Most people don’t realize that the largest age group that suffers from depression is between 18 and 29. Although it is the highest is young adults, it is likely to be less severe. There are many different reasons people have depression, and many people don’t talk about it, so when reading this think about how people might be going through something like this.
The CDC data says from 2019, 21% of adults experience any depressive symptoms. In 2020, approximately 12% of adolescents ages 12 to 17 had a depressive episode severe enough to cause a significant impairment. The reasons for it in children and adolescents are family history, adverse life events, negative bias about their abilities, poor sleep, hormone changes, and comorbid disorders, both physical and psychological. Comorbid disorders are when there are two or more disorders in the same person. In young and middle adulthood the risk factors are family history, adverse childhood experiences, a lower level of education, living alone (in younger adults), lower income, smoking, and limited physical activity. In older adults the risk factors are loss of a spouse or partner, having chronic conditions, poor physical health, loneliness, low economic status, low education level, and living alone.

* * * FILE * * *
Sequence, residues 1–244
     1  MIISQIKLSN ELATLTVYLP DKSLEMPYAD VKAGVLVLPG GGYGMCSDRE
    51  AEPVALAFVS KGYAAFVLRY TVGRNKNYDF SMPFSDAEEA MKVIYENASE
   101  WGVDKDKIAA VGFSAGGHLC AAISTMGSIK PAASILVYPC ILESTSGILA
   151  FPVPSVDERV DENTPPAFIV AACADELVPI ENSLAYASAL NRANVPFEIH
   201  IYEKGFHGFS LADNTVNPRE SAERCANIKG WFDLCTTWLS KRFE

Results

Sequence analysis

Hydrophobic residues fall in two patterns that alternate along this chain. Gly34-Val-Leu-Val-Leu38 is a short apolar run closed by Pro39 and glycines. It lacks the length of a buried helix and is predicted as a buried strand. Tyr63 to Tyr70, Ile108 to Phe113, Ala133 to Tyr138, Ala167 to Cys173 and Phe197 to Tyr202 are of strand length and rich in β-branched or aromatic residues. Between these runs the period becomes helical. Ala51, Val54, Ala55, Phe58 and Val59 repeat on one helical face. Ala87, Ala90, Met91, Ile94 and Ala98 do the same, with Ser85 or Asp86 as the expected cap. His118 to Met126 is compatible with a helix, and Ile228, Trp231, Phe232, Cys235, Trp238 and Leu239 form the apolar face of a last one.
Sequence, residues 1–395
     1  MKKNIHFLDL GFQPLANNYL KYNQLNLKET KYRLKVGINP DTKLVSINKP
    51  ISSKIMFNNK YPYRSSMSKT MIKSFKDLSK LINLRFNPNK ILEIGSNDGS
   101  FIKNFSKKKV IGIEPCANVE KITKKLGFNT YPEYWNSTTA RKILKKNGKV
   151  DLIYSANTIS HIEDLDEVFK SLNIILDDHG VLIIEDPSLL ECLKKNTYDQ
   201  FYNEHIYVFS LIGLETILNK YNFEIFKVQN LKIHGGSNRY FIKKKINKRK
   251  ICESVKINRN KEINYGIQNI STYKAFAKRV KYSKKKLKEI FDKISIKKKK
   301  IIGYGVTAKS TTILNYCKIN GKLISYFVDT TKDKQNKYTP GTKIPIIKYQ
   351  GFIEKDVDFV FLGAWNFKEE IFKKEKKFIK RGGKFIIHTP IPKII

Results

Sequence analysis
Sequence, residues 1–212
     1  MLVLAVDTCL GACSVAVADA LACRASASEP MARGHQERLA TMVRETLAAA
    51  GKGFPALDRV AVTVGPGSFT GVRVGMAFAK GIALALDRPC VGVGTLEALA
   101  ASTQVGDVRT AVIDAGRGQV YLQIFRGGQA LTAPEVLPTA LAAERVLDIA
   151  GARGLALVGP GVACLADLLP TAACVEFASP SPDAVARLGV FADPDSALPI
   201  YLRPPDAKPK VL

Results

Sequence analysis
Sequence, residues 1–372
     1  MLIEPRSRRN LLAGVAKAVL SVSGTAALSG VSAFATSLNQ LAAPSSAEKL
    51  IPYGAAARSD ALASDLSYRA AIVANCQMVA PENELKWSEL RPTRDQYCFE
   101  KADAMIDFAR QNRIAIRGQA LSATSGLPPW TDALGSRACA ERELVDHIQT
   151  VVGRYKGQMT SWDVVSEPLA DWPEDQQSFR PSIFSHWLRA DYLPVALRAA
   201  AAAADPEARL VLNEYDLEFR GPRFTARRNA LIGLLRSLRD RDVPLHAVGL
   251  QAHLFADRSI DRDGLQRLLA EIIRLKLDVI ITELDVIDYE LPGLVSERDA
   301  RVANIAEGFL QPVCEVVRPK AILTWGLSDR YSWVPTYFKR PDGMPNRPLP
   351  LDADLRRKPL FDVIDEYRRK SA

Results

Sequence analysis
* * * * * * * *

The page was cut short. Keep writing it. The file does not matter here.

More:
If you are looking for ways to help depression, you can be more active. It doesn’t really matter what form of exercise you do but information from www.nhs.uk says “there’s evidence that exercise can help lift your mood.” It also says don’t drink too much alcohol. “You may drink more than usual as a way of coping with or hiding your emotions, or just fill time.” Also alcohol could make you more depressed. Having a routine is another way to help. Try to get into a normal routine as possible like eating, sleeping, not staying up late and don’t sleep during the day.
If you want help talk to a therapist or take antidepressants, but note – there can be a lot of side effects of antidepressants. According to www.mind.org.uk, antidepressants can decrease your alertness, and cause diabetes, headaches, nausea or feeling sick, and suicidal feelings. This is why it is important to be connected to a therapist or doctor if your condition warrants taking antidepressants.
So if you’re feeling down or depressed try getting active and go for a run, lift some weights – you know get strong. Nevertheless if your self-help measures do not seem to be working, then it is important for you to find professional help.
If you find you are experiencing depressive episodes that are interfering with your life, please contact Ms. Wright in the guidance office to find out about local resources that can help you.